Building was booming on campus this summer

Stephen Feyer


The Lewis-Sigler Institute for Integrative Genomics is taking shape on the south side of campus. This shot, taken from the roof of Scully Hall, shows the beginnings of the curved glass wall that will overlook Pardee Field.


Princeton NJ -- Students and faculty arriving back at school this fall have noticed some major changes around campus.

Many buildings have begun undergoing renovations, and a few new ones are being built. Many of last year's projects now have been completed, including: the new Friend Center for Engineering Education, which contains the engineering library, 19 classrooms and a distance learning classroom; the rehabilitated Little Hall dormitory; Bobst Hall, which houses the Bobst Center for Peace and Justice; and the renovated New South, which provides a home for many administrative offices.

Below is a brief guide to ongoing campus construction projects. The University facilities department maintains a detailed, interactive map that explains current construction projects of every size. The map is located on the Web at <map>.

185 Nassau St.

With site preparation work begun this summer, 185 Nassau St. is undergoing the next phase of remodeling: the addition of studio and lab space in the basement and attic of the performing arts home. An elevator also is being added to the building, which is open during construction. The project is scheduled to be completed in September 2002.

Berlind Theater

Ground officially was broken this month for an addition to the south side of McCarter Theatre. The new Berlind Theatre will be used jointly by McCarter Theatre and the University's Program in Theater and Dance. The space will contain a 350-seat auditorium, two rehearsal halls and support facilities. It is scheduled to be ready by the winter of 2002-03.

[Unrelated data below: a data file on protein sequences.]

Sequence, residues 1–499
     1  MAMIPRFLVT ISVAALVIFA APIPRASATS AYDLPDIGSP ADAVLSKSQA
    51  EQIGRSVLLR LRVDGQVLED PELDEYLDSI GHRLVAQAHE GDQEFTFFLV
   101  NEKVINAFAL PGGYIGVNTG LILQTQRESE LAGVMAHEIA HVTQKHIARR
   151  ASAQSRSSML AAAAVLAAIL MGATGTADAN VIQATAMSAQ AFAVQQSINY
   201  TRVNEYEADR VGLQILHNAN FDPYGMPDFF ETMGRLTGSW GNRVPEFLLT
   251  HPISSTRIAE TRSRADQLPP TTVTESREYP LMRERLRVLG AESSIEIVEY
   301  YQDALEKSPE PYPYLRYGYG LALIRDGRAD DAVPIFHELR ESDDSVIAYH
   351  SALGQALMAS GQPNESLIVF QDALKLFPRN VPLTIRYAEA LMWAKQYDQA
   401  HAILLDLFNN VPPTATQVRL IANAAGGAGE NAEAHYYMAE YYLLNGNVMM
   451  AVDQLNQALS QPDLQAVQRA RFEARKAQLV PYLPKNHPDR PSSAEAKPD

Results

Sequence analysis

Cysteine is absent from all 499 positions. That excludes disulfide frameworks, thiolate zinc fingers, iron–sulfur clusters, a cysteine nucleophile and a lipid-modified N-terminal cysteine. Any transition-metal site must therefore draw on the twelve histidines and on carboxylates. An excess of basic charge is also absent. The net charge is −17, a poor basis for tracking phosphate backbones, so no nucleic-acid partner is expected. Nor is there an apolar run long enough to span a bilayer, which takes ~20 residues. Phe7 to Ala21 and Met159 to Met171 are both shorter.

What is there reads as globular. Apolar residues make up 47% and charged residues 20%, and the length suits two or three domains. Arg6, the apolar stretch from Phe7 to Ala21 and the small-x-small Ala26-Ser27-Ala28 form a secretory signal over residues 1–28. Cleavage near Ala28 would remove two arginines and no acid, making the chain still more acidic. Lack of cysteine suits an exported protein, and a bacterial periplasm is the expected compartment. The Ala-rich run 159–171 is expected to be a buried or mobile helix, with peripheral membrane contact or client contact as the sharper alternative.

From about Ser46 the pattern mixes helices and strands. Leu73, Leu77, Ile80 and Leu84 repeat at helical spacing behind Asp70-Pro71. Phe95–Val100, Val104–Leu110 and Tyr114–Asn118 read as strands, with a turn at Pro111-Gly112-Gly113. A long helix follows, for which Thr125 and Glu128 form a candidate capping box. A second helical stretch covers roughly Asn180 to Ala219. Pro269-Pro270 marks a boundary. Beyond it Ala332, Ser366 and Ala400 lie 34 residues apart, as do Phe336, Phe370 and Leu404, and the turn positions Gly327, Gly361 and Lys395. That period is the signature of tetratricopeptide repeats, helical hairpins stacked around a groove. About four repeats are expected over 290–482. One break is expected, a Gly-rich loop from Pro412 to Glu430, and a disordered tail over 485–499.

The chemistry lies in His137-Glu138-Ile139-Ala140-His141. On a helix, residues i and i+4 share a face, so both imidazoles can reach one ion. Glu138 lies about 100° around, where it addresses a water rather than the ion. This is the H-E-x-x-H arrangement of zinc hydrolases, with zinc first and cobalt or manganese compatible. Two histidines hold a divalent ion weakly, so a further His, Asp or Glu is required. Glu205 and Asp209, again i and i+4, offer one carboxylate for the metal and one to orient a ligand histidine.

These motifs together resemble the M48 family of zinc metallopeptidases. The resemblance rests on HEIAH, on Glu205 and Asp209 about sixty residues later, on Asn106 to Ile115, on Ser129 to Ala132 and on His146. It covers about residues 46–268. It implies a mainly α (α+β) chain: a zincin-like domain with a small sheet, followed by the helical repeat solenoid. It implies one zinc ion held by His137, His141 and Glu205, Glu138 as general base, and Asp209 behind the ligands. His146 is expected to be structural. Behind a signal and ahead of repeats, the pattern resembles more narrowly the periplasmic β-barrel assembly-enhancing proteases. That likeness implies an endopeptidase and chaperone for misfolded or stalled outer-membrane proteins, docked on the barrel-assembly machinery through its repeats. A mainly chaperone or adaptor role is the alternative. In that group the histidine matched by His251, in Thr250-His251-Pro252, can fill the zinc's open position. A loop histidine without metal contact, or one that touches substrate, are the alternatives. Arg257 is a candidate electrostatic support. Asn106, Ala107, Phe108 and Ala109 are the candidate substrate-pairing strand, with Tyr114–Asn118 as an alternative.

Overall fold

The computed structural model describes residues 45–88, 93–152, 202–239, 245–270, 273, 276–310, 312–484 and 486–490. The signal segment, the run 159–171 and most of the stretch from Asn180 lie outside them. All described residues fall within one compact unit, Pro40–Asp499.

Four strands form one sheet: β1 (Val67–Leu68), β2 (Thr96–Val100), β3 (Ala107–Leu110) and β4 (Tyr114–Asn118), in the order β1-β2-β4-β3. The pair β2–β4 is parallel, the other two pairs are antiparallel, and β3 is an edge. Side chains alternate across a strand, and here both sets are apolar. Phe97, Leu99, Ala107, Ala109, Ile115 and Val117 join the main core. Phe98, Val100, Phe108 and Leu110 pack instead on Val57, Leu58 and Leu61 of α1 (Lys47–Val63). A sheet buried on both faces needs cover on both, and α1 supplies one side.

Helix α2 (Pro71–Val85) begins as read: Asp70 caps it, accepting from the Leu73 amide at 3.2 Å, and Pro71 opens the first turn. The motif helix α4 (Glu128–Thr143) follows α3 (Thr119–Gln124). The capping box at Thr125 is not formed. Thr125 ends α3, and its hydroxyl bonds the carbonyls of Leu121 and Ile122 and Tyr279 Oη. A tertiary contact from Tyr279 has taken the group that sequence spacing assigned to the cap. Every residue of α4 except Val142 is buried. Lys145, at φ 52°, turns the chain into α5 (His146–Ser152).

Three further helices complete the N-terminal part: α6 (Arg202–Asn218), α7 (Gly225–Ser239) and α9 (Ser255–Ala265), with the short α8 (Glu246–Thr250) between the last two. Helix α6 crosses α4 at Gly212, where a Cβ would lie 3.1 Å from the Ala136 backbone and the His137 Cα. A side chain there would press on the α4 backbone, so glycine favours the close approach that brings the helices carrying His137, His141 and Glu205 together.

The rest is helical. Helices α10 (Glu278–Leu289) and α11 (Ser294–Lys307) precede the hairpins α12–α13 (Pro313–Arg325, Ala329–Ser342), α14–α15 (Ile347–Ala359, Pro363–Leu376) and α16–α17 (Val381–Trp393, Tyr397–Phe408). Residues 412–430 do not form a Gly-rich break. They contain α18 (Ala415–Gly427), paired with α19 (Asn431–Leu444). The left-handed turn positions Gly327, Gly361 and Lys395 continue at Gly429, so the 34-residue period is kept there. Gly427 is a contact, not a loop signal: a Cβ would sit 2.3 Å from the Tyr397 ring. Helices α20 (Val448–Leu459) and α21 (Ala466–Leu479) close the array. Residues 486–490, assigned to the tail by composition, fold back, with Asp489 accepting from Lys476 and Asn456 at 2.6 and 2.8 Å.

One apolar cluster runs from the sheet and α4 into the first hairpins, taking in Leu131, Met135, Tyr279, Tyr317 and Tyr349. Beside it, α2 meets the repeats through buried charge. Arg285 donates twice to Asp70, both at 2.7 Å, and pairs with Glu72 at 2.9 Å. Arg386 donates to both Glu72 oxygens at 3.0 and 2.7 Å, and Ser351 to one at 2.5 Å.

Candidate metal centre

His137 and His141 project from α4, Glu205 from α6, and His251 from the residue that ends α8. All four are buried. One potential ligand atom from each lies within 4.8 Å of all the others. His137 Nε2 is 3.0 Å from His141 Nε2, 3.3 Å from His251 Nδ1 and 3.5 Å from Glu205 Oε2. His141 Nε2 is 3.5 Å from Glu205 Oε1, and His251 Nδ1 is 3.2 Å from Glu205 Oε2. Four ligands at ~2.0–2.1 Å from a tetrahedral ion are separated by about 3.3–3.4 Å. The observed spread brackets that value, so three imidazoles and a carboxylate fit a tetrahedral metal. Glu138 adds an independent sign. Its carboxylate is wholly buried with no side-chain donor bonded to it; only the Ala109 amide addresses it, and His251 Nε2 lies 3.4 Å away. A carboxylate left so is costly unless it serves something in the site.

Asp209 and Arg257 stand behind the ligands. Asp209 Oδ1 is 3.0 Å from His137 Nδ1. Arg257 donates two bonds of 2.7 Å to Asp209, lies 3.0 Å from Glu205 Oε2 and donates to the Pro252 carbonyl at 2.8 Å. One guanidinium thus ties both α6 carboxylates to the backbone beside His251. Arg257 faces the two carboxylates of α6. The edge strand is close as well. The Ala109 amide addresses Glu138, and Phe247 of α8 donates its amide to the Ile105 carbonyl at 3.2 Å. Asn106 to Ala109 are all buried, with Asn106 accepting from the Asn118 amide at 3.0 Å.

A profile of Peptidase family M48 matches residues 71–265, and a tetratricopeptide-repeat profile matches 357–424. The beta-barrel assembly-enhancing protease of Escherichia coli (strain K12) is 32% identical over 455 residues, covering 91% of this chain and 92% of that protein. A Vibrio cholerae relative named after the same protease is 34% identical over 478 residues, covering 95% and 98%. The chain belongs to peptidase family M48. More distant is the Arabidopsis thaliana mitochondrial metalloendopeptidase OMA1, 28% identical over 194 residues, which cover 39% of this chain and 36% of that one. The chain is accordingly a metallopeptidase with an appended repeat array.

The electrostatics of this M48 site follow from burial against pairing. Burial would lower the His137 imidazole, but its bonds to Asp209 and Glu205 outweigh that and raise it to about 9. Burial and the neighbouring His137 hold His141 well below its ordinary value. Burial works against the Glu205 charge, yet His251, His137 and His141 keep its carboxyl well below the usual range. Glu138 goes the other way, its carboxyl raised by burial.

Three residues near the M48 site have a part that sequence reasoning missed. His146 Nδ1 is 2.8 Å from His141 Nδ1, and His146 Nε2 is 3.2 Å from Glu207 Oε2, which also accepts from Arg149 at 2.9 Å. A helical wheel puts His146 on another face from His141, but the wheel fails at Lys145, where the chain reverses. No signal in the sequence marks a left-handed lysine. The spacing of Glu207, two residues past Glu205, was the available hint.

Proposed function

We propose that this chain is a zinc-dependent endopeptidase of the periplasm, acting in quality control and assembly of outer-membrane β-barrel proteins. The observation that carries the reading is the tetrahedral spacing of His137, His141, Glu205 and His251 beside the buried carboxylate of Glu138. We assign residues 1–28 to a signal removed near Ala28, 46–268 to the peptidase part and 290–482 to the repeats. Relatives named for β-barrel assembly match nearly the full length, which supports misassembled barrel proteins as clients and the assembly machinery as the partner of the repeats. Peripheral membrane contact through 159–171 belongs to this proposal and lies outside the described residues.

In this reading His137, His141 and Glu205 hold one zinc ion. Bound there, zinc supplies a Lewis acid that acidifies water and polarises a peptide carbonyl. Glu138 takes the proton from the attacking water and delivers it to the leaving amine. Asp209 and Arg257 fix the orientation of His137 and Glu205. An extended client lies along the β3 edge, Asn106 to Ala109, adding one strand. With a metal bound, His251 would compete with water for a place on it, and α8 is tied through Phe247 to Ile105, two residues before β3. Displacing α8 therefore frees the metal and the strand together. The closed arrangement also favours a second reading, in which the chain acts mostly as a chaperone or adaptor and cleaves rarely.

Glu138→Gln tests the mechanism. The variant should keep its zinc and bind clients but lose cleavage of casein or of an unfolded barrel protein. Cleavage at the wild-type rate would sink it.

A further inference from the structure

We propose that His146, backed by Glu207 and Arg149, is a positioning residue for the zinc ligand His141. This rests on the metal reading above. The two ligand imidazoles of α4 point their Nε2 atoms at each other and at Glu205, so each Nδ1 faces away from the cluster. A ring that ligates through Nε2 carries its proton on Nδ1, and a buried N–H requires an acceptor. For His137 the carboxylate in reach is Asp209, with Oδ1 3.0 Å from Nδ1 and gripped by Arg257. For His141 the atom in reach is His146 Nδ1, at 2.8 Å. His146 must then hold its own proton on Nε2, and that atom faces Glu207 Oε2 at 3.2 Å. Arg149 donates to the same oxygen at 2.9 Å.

University Chapel

Princeton's Chapel is still being scrubbed clean, as workers repoint and repair stonework and restore stained glass windows. The scaffolding will stay up until the scheduled end date of January 2002.

Dod Hall

Dod Hall is the fourth building to undergo renovations as part of the Dormitory Rehabilitation Program. Dod will be closed for the 2001-02 school year while mechanical, electrical and utility systems are replaced, new windows are installed, the roof is replaced, masonry is repaired, and program and bedroom space are added to the basement and attic, respectively. The dorm will be reopened for the 2002-03 school year.

East Pyne/Chancellor Green

East Pyne and Chancellor Green are closed for two years as part of a major upgrade in campus facilities for the humanities. The sweeping project will bring together East Pyne, Chancellor Green, the Joseph Henry House and a new building east of the Henry House as a single complex housing many of the departments and programs associated with the humanities. Plans call for improved teaching and support facilities, including a new language lab in East Pyne and a general periodicals room and café in Chancellor Green. Departments located in East Pyne have been temporarily moved to various locations across campus. The entire project is scheduled for completion in the summer of 2003.